Applicant testified that he was suspended for one year and seven months as from 28 February 2018. He was furnished a precautionary suspension letter on 28 February 2018 which did not indicate the length of his suspension. He stated that the suspension affected him emotionally, mentally and ruined his reputation. It had a negative impact due to the length of the suspension and it would render it difficult for him to apply for other jobs or promotion.
 He stated that he did not interfere with the investigation. He was not notified of the date of the disciplinary hearing which has not been finalized. The last communication he received in terms of the disciplinary hearing was on 15 May 2019, whereby the departmental representative applied for an adjournment of the sitting. It was mentioned that the investigation was still pending hence the need to adjourn the disciplinary hearing.
 The Applicant stated that he discovered that the independent investigators were informed to cease the investigation and return the financial records to the school. The audit report for 2017 declared that all finances for the school were in order. This alleviated the concerns in charge 1 and 2. In respect of charge 3, this issue was laid to rest in the said financial report.
 The dispute was lodged on 19 July 2018 and the Applicant stated under cross examination that he did not return to school, after the expiration of the time period in the letter, as his suspension was not uplifted. He communicated in writing to the Head of Department regarding the lapse of the time period, to which he received no response. He also sent an email to the MEC, and again he received no reply. The Applicant stated that he was criminally charged for the missing financial records from the school and the investigation was pending. He conceded that he was suspected to have removed the financial records from the school. The Applicant admitted that one of the criminal charges related to trespassing at school.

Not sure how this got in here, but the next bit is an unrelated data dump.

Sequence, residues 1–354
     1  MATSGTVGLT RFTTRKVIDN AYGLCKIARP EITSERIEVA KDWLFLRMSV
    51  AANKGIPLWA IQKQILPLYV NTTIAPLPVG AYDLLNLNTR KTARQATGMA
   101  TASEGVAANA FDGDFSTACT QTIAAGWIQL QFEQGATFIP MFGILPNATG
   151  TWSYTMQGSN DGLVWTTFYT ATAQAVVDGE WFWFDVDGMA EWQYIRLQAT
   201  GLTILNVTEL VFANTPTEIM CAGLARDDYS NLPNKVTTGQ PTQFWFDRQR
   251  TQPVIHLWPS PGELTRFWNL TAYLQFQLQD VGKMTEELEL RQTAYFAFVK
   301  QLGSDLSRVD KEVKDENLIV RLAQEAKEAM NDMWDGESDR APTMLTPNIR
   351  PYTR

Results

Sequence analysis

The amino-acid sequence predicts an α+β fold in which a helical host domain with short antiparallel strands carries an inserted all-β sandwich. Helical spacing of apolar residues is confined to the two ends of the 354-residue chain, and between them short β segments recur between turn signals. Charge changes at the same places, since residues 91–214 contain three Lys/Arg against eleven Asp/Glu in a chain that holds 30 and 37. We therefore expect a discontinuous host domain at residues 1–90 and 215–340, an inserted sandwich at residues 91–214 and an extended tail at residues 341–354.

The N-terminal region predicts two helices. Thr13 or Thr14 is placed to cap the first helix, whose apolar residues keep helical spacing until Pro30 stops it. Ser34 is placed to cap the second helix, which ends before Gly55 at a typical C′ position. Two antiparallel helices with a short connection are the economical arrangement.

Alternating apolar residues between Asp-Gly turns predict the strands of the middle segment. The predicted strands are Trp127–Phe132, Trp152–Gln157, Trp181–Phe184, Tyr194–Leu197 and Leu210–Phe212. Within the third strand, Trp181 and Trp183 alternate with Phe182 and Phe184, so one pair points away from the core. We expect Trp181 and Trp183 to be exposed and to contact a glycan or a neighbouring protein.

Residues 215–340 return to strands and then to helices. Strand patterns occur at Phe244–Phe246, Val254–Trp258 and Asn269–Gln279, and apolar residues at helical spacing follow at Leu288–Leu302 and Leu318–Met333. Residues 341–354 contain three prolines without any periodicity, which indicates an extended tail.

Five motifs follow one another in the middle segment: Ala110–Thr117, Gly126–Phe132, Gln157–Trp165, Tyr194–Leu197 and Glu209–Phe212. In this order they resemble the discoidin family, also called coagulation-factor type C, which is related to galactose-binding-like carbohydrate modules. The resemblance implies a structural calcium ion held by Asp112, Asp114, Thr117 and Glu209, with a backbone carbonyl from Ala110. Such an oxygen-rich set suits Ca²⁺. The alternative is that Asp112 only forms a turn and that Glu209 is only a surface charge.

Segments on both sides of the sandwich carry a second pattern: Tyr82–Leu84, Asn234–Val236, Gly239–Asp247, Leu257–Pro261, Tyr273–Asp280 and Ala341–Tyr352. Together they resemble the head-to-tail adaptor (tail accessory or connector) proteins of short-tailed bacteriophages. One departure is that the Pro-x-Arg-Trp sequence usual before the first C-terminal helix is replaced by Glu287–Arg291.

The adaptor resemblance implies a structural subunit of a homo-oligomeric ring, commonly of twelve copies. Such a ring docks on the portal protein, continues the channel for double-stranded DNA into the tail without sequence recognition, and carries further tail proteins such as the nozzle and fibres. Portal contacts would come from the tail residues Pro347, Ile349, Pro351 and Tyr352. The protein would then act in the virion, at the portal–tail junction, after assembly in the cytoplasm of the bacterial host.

Mr K P Reddy testified that he was the circuit manager for Umdoni, Ugu district. He knew the Applicant as he was principal in one of the schools that he supervised. The Applicant was arrested as it was alleged that the financial documents were stolen from the school. The officials went to the school, shortly after the Applicant’s suspension, and the financial documents were not located at the place where they were usually stored. The investigating officer discovered the documents in the computer room a few days later. The sequence of events was that the officials went to the school and they could not locate the documents. A charge was laid for the theft of the record. Subsequently the books were located at another place, being the computer room. The documents were taken by the investigating officer. The documents were located in March 2018 by the police. The books were retained by the SAPS for about six months. After the release of the books the department handed same to the district office for further internal investigation.